Assume that we are examining a merchant selling $50 items whose base annual sales were $110,000 . This merchant experienced an incremental sales lift of 10% due to an APM resulting in sales of $121,000 The transaction saving on this incremental $11,000 would amount to only $132 (1.20%) for BML, and $22 (0.20%) for Google Checkout. Even if the uplift were not incremental, the merchant would still save the same amount of money on transaction fees with these APMs. So, although savings are touted as a benefit, only the largest merchants would see any meaningful benefit in absolute terms.
The only caveat lies with APMs that include relatively high per-item fees. This portion of the rate has a negative impact on merchants selling products with low average ticket values. Using the rates above PayPal and Google customers would have zero cost savings selling items at $25.00 Those selling items at $10.00 would see an increase transaction cost of $66 (0.60%) on incremental sales of $11,000 Again, this is meaningless given the magnitude of incremental sales. This would only have an effect on very large merchants where the APM uplift came at the complete expense of cannibalized credit card transactions. So, as it turns out, claims regarding lower fees should not be overly scrutinized.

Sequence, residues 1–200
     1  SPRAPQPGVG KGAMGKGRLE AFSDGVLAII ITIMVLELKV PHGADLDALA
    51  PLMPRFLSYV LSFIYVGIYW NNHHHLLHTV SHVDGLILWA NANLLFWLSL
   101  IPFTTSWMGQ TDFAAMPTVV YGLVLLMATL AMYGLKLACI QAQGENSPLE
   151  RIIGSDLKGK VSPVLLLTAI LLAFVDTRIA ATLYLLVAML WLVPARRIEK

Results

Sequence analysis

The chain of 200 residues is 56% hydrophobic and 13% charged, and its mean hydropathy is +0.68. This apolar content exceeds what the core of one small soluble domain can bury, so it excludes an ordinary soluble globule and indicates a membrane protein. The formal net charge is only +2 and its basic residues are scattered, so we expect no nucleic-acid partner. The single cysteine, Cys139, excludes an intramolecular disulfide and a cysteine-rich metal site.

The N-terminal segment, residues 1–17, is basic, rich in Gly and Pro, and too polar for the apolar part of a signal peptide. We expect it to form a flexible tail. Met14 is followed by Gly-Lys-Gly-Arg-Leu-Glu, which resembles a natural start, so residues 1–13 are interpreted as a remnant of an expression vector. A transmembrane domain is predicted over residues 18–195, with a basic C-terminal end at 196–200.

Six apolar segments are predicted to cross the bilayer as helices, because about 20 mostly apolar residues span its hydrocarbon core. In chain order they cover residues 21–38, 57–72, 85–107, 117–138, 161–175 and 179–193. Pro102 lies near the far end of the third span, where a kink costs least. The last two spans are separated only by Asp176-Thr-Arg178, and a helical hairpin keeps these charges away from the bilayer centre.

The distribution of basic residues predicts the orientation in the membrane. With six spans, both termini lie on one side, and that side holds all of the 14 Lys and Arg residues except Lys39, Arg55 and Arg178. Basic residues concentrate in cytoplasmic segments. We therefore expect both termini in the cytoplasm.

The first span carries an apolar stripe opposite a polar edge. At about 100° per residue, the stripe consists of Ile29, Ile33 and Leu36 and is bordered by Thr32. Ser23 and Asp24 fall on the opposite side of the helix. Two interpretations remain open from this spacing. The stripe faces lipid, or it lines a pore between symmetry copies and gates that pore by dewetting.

To some things up, there is no general advice regarding APMs that will apply to all merchants save due diligence and testing. Merchants should focus on incremental sales uplift, while measuring cannibalism rates. Merchants should also pay attention to conversion rates and benefits related to integrated keyword advertising programs. Certain features like paying over time, security, privacy, and ease of use will appeal to certain customer demographics. It’s up to the merchant to understand the claims, know its customers, and seek advice from others who have successfully implemented APMs.